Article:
Since cryotherapy is typically minimally invasive, you can expect to have mild pain afterward. After external cryotherapy, you can expect the treatment area to turn red and it may also blister, according to the Cleveland Clinic. The area will then form a scab that heals within 1- to 3-weeks. If you do experience mild pain, it typically goes away after 3-days.

Internal cryotherapy may cause mild pain or soreness in the affected area. You can also expect this to last for up to 3-days. The source also notes that women who receive internal cryotherapy on the cervix may have “watery discharge for a few days to a few weeks.”

The Benefits and Risks of Medical Cryotherapy

The biggest benefit of cryotherapy is that it is minimally invasive, especially compared to traditional surgery. Cryotherapy typically causes less pain and the Cleveland Clinic says it has “a lower risk of damaging healthy tissue near the abnormal cells.”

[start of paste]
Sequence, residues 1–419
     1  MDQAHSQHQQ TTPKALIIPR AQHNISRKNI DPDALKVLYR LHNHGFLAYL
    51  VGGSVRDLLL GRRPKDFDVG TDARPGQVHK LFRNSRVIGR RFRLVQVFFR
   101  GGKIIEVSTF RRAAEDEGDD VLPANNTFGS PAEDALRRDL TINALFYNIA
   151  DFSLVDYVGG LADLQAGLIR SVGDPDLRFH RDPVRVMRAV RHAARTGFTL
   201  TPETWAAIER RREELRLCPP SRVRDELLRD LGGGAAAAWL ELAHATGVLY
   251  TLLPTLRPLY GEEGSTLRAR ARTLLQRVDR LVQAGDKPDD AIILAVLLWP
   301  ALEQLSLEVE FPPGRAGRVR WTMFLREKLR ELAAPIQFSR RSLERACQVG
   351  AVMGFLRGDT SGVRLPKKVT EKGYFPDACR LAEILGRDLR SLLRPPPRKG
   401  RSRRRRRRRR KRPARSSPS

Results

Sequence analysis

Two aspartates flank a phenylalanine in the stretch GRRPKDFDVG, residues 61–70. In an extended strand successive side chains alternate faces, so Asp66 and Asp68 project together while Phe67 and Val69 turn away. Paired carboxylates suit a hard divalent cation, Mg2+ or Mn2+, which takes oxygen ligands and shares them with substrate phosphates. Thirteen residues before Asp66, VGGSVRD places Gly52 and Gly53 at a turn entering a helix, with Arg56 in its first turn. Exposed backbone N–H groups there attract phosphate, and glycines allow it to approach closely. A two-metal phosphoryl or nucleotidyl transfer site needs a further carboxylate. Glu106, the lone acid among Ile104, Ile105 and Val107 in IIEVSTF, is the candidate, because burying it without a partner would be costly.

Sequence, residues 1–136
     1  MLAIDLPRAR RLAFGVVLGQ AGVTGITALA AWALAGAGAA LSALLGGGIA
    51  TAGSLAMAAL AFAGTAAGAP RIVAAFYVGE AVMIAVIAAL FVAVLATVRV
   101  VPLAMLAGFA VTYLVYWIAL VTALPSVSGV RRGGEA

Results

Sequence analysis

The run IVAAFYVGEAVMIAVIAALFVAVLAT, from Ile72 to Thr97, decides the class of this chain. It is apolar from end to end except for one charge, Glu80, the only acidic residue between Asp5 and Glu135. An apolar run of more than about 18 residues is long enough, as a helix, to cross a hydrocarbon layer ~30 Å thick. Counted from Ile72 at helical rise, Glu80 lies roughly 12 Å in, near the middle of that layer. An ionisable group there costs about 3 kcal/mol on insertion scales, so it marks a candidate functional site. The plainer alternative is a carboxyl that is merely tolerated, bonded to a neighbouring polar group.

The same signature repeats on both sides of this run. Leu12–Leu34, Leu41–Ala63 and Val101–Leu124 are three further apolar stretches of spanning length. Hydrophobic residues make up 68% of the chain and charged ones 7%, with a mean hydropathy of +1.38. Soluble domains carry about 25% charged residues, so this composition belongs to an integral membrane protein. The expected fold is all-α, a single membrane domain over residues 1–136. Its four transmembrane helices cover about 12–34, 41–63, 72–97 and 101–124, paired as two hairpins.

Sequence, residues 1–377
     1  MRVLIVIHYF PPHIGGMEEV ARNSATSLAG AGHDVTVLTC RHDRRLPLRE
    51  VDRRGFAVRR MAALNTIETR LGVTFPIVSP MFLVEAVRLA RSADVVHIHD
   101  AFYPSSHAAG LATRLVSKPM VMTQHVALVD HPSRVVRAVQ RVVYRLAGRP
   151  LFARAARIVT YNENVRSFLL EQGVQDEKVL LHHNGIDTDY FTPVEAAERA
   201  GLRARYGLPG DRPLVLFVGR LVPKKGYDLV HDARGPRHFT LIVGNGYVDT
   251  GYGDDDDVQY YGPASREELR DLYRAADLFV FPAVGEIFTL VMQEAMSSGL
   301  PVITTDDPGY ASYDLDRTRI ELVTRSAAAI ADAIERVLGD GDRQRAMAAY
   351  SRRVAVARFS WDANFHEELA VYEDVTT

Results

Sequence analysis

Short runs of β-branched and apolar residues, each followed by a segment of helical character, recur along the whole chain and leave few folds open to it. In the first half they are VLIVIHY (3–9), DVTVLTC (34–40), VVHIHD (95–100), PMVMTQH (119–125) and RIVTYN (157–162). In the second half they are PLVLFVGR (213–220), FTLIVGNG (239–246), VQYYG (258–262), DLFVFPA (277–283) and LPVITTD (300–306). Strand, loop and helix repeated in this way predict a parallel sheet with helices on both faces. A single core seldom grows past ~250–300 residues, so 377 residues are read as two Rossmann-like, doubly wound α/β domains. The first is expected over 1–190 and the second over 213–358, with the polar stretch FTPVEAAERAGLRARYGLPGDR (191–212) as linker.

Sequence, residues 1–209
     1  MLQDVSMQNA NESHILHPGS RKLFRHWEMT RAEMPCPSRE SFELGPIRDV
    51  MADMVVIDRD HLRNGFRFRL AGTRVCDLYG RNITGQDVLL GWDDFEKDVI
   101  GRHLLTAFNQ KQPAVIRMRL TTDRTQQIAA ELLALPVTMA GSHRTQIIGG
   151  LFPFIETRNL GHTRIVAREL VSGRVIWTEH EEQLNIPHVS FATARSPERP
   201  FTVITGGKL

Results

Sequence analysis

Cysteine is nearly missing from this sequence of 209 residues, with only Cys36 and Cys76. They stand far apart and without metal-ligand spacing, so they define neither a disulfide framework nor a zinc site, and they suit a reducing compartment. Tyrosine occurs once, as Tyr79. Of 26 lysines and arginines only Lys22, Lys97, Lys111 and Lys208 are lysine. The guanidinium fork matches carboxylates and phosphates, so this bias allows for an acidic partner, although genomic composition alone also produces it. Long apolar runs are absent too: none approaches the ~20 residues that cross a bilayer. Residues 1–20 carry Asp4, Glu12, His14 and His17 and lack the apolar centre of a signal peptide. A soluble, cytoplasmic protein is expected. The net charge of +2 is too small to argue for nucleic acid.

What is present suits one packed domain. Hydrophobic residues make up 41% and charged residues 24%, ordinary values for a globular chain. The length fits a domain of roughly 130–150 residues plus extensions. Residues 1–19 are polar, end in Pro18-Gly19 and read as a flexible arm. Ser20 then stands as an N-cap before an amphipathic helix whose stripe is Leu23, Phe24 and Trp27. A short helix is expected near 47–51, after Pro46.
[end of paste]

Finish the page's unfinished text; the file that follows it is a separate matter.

As with all treatments, there are potential risks, though the risks are small. Some potential complications are swelling, scaring, or a skin infection. Nerve damage, bone fractures, and cramping or pain are also possible. If you’re receiving medical cryotherapy, be sure to discuss the potential risks with your doctor.

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What Is Whole-Body Cryotherapy?

Whole-body cryotherapy has been gaining popularity lately but it’s important to note it’s not a medical treatment and doesn’t require a prescription from a doctor. According to WebMD, whole-body cryotherapy is often offered at spas, wellness centers, and sometimes gyms.

Whole-body cryotherapy involves special tanks or chambers that are cooled to extremely low temperatures, ranging from -200 to -300 degrees Fahrenheit. During treatment, you’ll stand in the enclosed tank with your head exposed at the top. Treatment lasts between 2- to 4-minutes.